Motorsport: American beauty
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US Grand Prix this weekend
Formula 1 and the US have a long history together but it has always been a tenuous one. The sport has been to more venues in the US than in any other country with some great tracks mixed with some complete disasters.
Early races at Riverside (1957) and Sebring (1959) served to introduce F1 folk to American ways but perhaps the best and most stable era was the double-header with the US GP West held at Long Beach, just outside Los Angeles, towards the beginning of the season and the US GP East raced at the wonderful Watkins Glen track in upstate New York at the end of the season.
It seemed there was time for the teams to enjoy the surroundings in the 1960s and 70s and what was originally a rundown port area of Long Beach provided plenty of opportunity to be the tourist both day and night.
Nico Rosberg leads at the start of last year's United States Grand Prix, near Austin, Texas. Picture/BEST IMAGE.
The Seneca Lakes area around Watkins Glen was the very opposite: it was very much in the country with accommodation in small hotels and hunting lodges. Seneca Lodge, full of timber, hunting trophies, beer served by the gallon and gin and tonics served by the pint, thankfully has walls that listened but cannot talk.
Later Las Vegas provided the Caesars Palace Hotel and Casino carpark as an F1 racetrack. Teams got used to having breakfast while filling in Keno cards with eggs over easy and got more enthusiastic about that when one of our number won US$2000.However the track was a disaster and after two years went the way of many a gambler in Vegas — it went back to its day job with the promoters being a few million dollars out of pocket.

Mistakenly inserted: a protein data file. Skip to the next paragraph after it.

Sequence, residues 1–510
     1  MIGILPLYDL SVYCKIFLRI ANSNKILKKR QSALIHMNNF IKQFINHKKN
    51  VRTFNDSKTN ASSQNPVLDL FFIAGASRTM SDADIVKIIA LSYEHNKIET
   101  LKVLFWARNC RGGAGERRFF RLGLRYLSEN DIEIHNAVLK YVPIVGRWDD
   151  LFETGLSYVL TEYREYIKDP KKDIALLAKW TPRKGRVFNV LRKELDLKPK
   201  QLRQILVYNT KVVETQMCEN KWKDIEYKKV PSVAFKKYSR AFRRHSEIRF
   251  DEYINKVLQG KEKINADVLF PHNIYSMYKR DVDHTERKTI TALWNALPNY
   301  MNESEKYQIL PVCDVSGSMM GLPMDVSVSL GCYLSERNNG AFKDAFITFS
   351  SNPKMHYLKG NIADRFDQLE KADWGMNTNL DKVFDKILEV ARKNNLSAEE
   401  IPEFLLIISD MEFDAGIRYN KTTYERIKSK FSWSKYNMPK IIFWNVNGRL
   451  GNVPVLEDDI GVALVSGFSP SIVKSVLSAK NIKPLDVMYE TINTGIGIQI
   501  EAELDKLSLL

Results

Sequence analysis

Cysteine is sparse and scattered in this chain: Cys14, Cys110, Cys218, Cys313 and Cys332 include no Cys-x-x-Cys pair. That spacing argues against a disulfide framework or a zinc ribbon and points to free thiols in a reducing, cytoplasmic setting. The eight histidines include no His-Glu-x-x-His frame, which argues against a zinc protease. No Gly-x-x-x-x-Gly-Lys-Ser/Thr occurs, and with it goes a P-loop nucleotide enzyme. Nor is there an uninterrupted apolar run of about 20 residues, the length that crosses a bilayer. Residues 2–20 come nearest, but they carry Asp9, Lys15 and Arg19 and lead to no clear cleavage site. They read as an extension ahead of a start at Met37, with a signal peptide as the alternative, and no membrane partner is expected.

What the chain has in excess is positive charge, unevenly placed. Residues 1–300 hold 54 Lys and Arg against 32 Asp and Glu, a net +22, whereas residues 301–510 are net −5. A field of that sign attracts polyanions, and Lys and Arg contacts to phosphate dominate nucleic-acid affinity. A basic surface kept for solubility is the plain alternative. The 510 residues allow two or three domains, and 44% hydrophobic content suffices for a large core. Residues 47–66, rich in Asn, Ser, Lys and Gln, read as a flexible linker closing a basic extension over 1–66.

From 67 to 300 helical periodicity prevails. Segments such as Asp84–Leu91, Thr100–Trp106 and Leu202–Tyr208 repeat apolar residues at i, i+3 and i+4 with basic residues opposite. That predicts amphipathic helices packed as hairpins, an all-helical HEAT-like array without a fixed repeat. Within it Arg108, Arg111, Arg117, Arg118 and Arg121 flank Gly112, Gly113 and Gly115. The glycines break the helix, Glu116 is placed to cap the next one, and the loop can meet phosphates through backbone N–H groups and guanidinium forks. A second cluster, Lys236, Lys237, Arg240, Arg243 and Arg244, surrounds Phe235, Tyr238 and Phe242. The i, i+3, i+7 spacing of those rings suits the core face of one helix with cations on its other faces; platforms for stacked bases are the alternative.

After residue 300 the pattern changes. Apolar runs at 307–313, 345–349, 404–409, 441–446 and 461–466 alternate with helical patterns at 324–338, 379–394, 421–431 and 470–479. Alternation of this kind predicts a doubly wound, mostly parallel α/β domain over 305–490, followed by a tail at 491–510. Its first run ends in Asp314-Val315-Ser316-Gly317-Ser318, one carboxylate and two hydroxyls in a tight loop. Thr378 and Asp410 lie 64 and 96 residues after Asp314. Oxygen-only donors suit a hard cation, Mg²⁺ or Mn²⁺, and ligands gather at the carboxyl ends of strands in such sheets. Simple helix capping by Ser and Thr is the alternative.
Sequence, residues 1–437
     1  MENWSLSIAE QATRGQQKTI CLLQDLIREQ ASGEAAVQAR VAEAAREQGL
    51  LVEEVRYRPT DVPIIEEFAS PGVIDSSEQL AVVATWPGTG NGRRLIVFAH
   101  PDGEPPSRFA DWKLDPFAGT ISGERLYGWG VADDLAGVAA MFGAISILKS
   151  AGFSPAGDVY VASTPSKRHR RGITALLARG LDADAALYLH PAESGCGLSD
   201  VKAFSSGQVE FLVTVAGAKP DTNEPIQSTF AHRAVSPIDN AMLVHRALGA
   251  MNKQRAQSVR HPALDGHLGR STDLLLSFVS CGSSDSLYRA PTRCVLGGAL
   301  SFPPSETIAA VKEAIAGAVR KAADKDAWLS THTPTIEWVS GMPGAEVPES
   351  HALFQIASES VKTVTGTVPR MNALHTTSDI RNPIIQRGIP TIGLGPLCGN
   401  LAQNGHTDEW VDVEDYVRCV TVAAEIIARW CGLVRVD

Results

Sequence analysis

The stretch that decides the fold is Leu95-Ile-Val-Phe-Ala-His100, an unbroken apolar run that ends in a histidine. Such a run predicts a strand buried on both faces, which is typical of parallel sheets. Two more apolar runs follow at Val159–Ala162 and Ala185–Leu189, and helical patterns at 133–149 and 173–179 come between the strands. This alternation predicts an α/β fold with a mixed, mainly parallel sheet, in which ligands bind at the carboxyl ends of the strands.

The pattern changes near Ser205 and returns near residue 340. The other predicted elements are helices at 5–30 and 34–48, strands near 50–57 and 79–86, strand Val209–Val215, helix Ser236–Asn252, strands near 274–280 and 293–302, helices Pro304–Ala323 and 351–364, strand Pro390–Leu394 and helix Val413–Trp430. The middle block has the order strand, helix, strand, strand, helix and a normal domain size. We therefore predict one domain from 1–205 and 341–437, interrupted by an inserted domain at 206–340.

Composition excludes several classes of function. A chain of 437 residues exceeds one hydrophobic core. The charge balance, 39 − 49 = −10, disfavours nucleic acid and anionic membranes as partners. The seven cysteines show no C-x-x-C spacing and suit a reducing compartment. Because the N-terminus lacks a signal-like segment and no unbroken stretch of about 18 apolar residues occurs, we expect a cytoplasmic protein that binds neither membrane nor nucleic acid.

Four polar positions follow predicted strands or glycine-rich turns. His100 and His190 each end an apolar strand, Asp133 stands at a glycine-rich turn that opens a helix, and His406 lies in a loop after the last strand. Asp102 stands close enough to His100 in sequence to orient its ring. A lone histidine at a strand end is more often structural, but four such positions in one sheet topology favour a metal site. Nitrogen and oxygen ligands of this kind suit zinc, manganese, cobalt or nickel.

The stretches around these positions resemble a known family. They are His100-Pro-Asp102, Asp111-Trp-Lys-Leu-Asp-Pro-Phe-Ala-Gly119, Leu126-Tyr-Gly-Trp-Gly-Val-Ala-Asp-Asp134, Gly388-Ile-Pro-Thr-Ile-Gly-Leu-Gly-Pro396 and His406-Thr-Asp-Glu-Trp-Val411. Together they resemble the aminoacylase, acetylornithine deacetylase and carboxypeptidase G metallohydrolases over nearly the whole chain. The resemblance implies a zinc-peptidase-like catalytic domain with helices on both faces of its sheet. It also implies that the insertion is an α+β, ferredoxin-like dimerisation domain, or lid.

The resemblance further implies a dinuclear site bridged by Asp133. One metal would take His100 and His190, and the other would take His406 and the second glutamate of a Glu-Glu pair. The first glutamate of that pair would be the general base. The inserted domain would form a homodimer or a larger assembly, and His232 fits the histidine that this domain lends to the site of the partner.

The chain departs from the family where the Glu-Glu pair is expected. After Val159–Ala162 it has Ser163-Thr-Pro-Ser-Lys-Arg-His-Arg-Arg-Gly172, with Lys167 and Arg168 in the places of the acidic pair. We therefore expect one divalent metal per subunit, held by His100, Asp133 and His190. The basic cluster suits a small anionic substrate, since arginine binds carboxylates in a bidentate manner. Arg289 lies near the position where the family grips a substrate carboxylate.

Detroit was city in decline, as it remains to this day, when F1 was parachuted in to add some glamour to a Motown that was crumbling and a car industry in similar straits.
Next was Dallas. Predictably we all went to the Southfork set of the TV show. It was a very real, very small ranch house and the cast became firm friends for the weekend.
The race was a one-off held in 40C heat, in July, in Texas. It didn’t take long for the track to break up. The morning warmup was brought forward to 7.45am to try to avoid the heat. French driver Jacques Laffite turned up in his pyjamas!
The next hot spot for the US GP was the desert — Phoenix in June 1989. Again the event was intended to glamourise a city where people went to retire but the crowds never eventuated. Nor did the glamour.
Despite a five-year agreement the Phoenix GP lasted only three years.
With four failed venues in 11 years, the sport’s image in the US was severely damaged. F1 turned its back on the country until 2000 when the famed Indianapolis Motor Speedway — rather pompously self-proclaimed ‘Racing Capital Of The World’ — hosted the event on a purpose-built track within the 2 1/2-mile oval.
One of the biggest crowds ever to watch an F1 race turned up and it looked like the sport was back in the US — big time.
We were setting up for the Italian Grand Prix at Monza in September 2001 when TVs began showing the attack on the Twin Towers in New York. In our own little world of the F1 paddock we knew we were supposed to be leaving for the Indy GP in the next week.
Some drivers did not want to go; some in the paddock feared further attacks on a major event. We were that major event, happening just two weeks later.
We raced. Security was understandably heavy but the fact that F1 turned up was well appreciated.
Four years later in 2005, F1 contrived to shoot itself in the foot with a farce in which only six cars competed due to a disagreement over tyres. Just two years later the 2007 event was the last on the speedway.
Over the next five years there was no US GP, although Bernie Ecclestone threw wild cards into the ring — suggesting events in New York City, New Jersey, West New York.
But all the while a new track was being planned in Texas. In 2012 F1 returned to the US, to its present home at the Circuit Of The Americas, outside Austin. Let’s hope that, with a track seen as a future classic, an enthusiastic audience and enthusiasm from big players, a city that is happy to host a cosmopolitan small town of travelling people, the sport has found a home where even Bernie Ecclestone can feel the love.